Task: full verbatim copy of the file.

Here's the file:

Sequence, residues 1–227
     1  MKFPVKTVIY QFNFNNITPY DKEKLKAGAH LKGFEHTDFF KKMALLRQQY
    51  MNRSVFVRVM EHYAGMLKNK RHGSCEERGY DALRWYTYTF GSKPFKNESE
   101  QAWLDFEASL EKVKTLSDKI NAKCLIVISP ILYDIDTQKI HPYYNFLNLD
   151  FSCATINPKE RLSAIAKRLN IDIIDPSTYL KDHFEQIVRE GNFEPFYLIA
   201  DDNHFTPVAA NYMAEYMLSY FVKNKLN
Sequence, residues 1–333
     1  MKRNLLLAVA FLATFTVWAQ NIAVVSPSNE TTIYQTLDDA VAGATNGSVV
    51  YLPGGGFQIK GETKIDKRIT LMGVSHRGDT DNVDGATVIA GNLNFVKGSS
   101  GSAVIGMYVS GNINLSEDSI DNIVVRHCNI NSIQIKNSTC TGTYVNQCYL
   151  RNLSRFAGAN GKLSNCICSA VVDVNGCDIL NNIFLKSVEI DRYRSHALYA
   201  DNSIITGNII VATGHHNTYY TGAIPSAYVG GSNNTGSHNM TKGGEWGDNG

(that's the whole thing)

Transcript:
Sequence, residues 1–227
     1  MKFPVKTVIY QFNFNNITPY DKEKLKAGAH LKGFEHTDFF KKMALLRQQY
    51  MNRSVFVRVM EHYAGMLKNK RHGSCEERGY DALRWYTYTF GSKPFKNESE
   101  QAWLDFEASL EKVKTLSDKI NAKCLIVISP ILYDIDTQKI HPYYNFLNLD
   151  FSCATINPKE RLSAIAKRLN IDIIDPSTYL KDHFEQIVRE GNFEPFYLIA
   201  DDNHFTPVAA NYMAEYMLSY FVKNKLN
Sequence, residues 1–333
     1  MKRNLLLAVA FLATFTVWAQ NIAVVSPSNE TTIYQTLDDA VAGATNGSVV
    51  YLPGGGFQIK GETKIDKRIT LMGVSHRGDT DNVDGATVIA GNLNFVKGSS
   101  GSAVIGMYVS GNINLSEDSI DNIVVRHCNI NSIQIKNSTC TGTYVNQCYL
   151  RNLSRFAGAN GKLSNCICSA VVDVNGCDIL NNIFLKSVEI DRYRSHALYA
   201  DNSIITGNII VATGHHNTYY TGAIPSAYVG GSNNTGSHNM TKGGEWGDNG